Dear Incoming Member of the Class of 2021,
You will not meet me your Orientation week. I won’t hold open the doors of the library for you. I will not be at your first a capella concert. In the next four years you may walk the same steps as I did, your favorite VI meal may be the same as mine, and you may live in the rooms I lived. These four years will not be the best years of your life, and they will not be the worst. But they will change you and make you into the person you are meant to become. I didn’t want advice when I entered Kenyon, but as I leave I want to give some semblance of advice to you.
- Never take this for granted. In finals week you may think college will last forever, but it won’t. That class that you are so frustrated with will seem like nothing one day. Each time you feel trapped in this place know it is a temporary home, and it will be gone in the blink of an eye.
- Judge and criticize Kenyon for its faults, but find the beauty in this campus. Too many times it is easy to say “Kenyon sucks,” and living these four years with negativity will only result in deep regret at the realization your head has been in the shadows instead of seeing the beautiful moments this place can offer. When you feel terrible, get your roommate or friend and get a bookstore ice cream. Go to the Kokosing, sit under the bridge, and write down your dreams.
- Your professors will change your life, but you have to let them. Find the professors who challenge you. Go to their office hours and ask their advice on the future. Ask what books shaped their understanding. Ask about their life. Take classes with new professors, and find those professors you love and keep taking any class they are offering.
- Find your passion and pursue it even if your department doesn’t offer you opportunities. You must make opportunities for yourself. Create a club, go to the Horn for a grant to do that music performance you want, or get Fun Funds for that play you want to put on. Find your favorite professor and do an independent study on a topic you are interested in, or on a project that is your dream. Just find and follow your passion, and the rest will come into place.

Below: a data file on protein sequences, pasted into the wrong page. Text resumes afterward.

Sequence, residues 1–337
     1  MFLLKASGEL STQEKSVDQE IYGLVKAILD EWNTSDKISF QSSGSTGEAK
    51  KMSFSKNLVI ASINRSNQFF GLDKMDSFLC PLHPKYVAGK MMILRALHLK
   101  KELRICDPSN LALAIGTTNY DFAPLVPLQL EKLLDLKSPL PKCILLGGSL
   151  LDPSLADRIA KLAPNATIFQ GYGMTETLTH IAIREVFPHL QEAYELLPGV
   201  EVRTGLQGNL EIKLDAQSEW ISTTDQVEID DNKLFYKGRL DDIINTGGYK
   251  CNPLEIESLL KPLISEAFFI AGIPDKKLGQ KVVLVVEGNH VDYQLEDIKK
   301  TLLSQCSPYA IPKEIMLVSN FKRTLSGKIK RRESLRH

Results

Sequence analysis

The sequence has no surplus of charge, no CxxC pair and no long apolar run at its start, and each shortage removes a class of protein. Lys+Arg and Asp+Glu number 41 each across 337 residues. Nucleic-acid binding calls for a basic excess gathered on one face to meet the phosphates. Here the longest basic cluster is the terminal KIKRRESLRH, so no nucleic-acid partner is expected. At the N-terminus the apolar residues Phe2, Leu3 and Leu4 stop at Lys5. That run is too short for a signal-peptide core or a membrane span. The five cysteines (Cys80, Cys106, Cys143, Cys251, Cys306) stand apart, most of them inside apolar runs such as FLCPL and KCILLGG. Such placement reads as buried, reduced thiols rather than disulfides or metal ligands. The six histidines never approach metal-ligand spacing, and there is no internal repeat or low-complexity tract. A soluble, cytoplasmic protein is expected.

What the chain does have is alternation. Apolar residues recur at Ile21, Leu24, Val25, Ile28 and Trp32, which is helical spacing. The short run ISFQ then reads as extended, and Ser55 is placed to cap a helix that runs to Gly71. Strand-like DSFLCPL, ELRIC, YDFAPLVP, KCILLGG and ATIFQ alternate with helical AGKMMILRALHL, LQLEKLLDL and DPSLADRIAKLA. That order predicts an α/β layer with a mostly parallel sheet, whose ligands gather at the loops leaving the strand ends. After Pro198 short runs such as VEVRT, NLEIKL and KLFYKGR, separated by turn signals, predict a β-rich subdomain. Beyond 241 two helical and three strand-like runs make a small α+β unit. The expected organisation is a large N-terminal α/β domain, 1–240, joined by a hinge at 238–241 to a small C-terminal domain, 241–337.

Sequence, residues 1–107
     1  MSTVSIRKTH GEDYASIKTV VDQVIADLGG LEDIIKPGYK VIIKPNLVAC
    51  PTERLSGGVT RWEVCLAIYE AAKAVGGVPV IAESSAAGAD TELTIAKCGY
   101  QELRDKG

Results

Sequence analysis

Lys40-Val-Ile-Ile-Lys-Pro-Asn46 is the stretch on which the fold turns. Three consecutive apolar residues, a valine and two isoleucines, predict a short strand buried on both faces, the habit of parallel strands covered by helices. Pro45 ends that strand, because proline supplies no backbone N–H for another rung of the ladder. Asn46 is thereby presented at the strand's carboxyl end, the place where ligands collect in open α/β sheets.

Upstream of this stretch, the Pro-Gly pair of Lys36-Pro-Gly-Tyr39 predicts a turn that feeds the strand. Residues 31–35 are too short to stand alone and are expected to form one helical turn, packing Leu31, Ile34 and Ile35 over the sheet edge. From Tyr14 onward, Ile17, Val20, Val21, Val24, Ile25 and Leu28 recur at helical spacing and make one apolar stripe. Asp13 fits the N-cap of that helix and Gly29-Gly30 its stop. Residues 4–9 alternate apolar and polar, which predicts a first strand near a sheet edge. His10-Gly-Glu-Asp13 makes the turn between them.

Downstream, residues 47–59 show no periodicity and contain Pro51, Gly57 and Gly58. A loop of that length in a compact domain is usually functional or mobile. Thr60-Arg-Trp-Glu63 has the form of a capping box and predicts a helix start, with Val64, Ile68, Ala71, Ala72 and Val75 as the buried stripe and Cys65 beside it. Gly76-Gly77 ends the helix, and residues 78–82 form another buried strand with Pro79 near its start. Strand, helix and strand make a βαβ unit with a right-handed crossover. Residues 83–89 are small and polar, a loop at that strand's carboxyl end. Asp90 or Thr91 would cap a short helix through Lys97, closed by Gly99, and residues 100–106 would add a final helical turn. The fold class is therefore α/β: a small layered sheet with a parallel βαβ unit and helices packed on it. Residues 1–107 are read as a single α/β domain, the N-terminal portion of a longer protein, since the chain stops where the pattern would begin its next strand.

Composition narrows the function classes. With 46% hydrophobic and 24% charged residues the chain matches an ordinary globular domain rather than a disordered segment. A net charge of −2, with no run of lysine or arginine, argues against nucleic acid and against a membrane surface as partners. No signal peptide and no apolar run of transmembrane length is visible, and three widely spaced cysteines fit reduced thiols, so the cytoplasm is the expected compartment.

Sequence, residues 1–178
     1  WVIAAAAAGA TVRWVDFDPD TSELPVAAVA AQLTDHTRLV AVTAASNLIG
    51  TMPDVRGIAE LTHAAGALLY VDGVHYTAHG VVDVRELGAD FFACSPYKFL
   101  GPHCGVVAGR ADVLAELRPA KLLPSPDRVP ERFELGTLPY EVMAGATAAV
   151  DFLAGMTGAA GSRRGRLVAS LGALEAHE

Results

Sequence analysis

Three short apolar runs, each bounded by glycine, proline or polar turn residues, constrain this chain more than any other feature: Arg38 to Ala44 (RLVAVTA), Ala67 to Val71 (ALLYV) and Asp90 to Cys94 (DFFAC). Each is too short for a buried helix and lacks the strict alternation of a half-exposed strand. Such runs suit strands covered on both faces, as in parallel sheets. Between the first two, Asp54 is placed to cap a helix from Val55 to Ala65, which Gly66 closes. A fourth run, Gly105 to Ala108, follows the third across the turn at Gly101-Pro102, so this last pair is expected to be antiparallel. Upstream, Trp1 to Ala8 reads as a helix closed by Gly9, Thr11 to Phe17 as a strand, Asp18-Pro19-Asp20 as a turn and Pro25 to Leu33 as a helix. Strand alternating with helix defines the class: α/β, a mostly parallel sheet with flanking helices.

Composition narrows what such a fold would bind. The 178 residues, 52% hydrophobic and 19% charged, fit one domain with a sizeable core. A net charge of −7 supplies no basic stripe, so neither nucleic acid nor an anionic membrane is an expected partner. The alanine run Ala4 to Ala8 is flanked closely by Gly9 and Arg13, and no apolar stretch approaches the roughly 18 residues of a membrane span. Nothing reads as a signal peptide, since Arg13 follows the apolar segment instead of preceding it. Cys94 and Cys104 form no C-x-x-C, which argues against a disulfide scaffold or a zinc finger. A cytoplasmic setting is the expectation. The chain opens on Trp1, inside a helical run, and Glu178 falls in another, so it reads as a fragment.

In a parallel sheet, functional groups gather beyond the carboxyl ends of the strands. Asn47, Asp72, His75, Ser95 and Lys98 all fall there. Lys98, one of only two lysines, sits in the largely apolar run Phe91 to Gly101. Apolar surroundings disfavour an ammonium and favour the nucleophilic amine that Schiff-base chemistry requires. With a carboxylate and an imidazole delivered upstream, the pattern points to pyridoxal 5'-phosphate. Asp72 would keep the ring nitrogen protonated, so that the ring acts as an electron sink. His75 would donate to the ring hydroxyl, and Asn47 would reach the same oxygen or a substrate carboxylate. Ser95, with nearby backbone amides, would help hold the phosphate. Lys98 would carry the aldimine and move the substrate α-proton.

- Look to the community as people whose story you can learn from. Go to the CDO and hear their story. Talk to maintenance. Talk to people who live here. Hear others’ stories. You not only are going to school at Kenyon, but you are living in Gambier, Ohio. Do not get caught in a bubble that ignores that last fact.
- Relationships, love, and hookups take too much importance on this college. Your life does not revolve around whether you were able to hook up with someone after an Old Kenyon party, or whether you were able to be in a relationship during these four years. Don’t allow a relationship to take away from your friends, your work, or opportunities. Love will come later, for now focus on the present and the relationships you can build with your friends, professors, and the community.
- You will feel the need to define yourself in terms of what Kenyon sees you as, but fight this urge. Seek creativity and individuality each step of the way. Eat alone in Peirce, try a dance class, and find several different friend groups.
- Don’t be afraid of loneliness. Be single for a bit. Drive to Easton and treat yourself to a “me” sushi date at Kona Grill. Get your guitar and play. Practice self-care and set a time each Sunday where you put on a face mask and relax.
- There will be pressure to go out and party. This will be fun at times, and at other times will be terrible. Allow yourself forgiveness in tough or embarrassing moments, and seek balance. Get a pint of Talenti or some wine and sit alone in your room and watch your favorite TV show or movie some nights.
- Treasure your parents and family. You may feel the need to distance yourself from your family and who you were before Kenyon, but you need them now more than ever. Who you were before Kenyon is still part of you, and you must embrace that here.
Breathe. It will be okay. I know you are scared now, and feel like you need to have everything figured out. There will be tough moments and you will see the darkest sides of yourself, but you will see yourself grow and develop in ways you can’t predict right now. Allow yourself to make mistakes, to be a kid, and to be silly sometimes. Life will take you in the path it intends for you. In the meantime memorize the Deli smell, stop and close your eyes and listen to the sounds of a Friday night winding down, and lay on the grass in front of Peirce that first beautiful day of spring. One day when you are a senior with two weeks left in this place you will realize how precious, messy, and beautiful those memories are. Good luck, and as they say in Girl Scouts “Leave this place better than you found it.”
– A Nostalgic Senior from the Class of 2017